International trade wars, tariffs, economic sanctions, protectionism, and a potentially looming global recession are just a few of the regulatory and macroeconomic developments causing Canadian companies headaches at the start of the new decade.
Slowing economic growth is set to challenge Canada’s trade sector through 2020, especially with its biggest export market, the US. According to The Conference Board of Canada, a weaker US economic outlook does not bode well for Canadian exports, especially for non-energy sectors that rely heavily on global demand. Despite these struggles, the research organization suggests Canadian GDP will actually expand in 2020 and 2021 due to strong labour markets and modest growth in consumer spending.
It’s safe to say the general economic outlook is in a state of flux. As Phil Cook, chairman of Omega Insurance Holdings Inc, pointed out at the recent Insurance Institute of Canada ‘Industry Trends & Predictions: 2020’ meeting in Toronto, 2020 is a year of uncertainties. There’s the US federal election in the fall, the UK’s impending Brexit and its potential trade fall-out, and, on home soil, a Canadian minority government trying to find its feet.
“We’re floating at this point,” said Cook. “It looks like there will be an economic recovery during 2020 in the US, which means there will also be a small upturn in Canada. But it’s very difficult to predict those things. It’s interesting to me that we’re still in a state of flux. We’re still wondering what will happen in the US, what the outcome will be with Brexit, and how those things will impact the Canadian economy and how imports and exports will be affected.
“Will Donald Trump be re-elected? Does it really matter in terms of the US economy? There’s an argument to be made that if he’s not re-elected the stock market will go up. There’s also an argument to be made that if he is re-elected in the fall, the stock market will also go up. It’s very difficult to predict, and there are very few prognosticators out there taking that on.”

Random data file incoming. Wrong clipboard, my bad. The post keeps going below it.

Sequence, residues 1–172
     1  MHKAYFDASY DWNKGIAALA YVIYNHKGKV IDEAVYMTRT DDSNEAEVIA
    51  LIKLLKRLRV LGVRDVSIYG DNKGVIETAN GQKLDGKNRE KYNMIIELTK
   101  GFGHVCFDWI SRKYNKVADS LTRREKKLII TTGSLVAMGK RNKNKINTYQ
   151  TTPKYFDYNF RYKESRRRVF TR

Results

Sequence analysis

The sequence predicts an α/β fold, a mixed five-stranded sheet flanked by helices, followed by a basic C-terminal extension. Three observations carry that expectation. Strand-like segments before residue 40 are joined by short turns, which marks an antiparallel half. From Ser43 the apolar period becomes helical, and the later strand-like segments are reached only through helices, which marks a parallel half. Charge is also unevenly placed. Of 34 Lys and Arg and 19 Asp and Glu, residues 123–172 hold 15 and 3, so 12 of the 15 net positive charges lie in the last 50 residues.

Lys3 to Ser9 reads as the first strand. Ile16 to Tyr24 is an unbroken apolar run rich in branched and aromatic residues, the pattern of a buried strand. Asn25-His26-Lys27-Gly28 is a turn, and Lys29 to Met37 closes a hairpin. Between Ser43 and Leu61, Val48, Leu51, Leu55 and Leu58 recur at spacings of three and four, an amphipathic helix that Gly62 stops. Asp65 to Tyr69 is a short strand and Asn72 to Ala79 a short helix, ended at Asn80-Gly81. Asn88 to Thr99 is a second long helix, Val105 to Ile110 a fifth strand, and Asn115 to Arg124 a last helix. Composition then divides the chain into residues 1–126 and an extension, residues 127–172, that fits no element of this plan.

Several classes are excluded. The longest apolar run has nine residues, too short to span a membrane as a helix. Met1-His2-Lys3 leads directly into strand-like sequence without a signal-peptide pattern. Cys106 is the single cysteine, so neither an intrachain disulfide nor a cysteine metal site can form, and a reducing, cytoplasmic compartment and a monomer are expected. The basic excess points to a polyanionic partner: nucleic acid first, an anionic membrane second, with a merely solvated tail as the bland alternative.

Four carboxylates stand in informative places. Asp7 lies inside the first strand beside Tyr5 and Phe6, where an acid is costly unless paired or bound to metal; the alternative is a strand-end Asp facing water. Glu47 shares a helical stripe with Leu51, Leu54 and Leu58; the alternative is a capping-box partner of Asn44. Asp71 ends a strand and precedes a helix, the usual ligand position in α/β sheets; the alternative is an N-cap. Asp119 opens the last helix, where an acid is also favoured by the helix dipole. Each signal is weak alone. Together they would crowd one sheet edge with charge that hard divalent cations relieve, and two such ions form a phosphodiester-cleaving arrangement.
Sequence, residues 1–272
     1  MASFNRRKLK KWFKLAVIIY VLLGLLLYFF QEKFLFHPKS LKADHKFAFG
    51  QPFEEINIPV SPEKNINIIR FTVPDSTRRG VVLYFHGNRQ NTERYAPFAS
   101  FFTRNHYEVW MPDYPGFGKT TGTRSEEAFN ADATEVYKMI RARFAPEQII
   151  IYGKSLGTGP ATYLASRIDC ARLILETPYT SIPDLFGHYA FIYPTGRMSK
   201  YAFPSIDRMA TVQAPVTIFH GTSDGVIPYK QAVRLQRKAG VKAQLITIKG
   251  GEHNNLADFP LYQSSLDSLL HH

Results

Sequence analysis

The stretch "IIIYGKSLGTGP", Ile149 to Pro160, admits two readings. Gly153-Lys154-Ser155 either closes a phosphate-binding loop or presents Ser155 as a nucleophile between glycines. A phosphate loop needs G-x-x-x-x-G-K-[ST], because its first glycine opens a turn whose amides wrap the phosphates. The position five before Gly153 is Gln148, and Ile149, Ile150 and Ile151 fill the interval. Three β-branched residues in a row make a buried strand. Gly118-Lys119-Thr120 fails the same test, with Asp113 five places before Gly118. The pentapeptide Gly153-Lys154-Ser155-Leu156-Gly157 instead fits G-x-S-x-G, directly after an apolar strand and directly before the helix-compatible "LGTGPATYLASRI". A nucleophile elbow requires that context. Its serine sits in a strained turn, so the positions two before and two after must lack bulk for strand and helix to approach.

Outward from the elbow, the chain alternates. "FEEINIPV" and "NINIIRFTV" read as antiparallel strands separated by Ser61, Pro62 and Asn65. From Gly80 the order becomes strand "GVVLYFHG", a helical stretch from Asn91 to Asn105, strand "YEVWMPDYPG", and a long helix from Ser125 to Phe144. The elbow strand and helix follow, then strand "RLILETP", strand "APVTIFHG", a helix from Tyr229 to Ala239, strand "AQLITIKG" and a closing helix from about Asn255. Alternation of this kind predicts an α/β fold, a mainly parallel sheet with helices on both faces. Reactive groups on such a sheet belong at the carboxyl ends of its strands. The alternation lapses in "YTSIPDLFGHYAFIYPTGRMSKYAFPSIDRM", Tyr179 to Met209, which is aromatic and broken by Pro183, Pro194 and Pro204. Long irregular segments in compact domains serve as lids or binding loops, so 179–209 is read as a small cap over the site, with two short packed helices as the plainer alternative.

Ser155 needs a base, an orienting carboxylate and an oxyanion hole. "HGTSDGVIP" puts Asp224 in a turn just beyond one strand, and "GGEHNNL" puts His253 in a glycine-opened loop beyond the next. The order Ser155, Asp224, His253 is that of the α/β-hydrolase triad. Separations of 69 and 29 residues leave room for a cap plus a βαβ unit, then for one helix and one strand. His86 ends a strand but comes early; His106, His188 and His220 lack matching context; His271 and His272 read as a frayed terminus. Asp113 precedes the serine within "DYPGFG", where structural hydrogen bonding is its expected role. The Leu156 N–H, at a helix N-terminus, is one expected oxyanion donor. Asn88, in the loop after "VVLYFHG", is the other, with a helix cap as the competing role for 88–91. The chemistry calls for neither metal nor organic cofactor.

Insurance generally grows in line with gross domestic product (GDP). If 2020 does bring some sort of global economic slowdown - whether that’s triggered by the political climate, debt accumulation, or one significant event - there’s the potential for Canadian insurers to be negatively impacted.
“Many of our customers are businesses, so if businesses are struggling, their turnover goes down and employee wage rolls go down, then our income inevitably goes down. And you can also get more losses in times of economic hardship in certain commercial lines,” said Tim Carter, executive vice president at Argo Group. “There’s definitely a feeling of fear. It’s a different market and insurers [in North America] are having to work out how to navigate this market successfully.”
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As uncertainty around the state of the economy prevails, there are a few things that insurance companies in Canada can do to mitigate their economic exposures. Linda Regner-Dykeman, chief agent, AGCS Canada, said that it’s important for underwriters in Canada to “ask the right questions” in order to fully understand the risk landscape and “find solutions accordingly to help manage this uncertainty.”
Ed Majkowski, EY Americas Insurance Sector and Advisory leader, said that where there’s a risk of economic slowdown, insurance companies are placing more and more focus on operational efficiency. He commented: “We’re seeing a lot of insurance companies being very cautious as they go into their 2020 and future strategic planning. They’re looking to take cost out of their system, while also making investments in technology and in their core systems so that they can get products out faster, improve the customer experience, and enable growth.”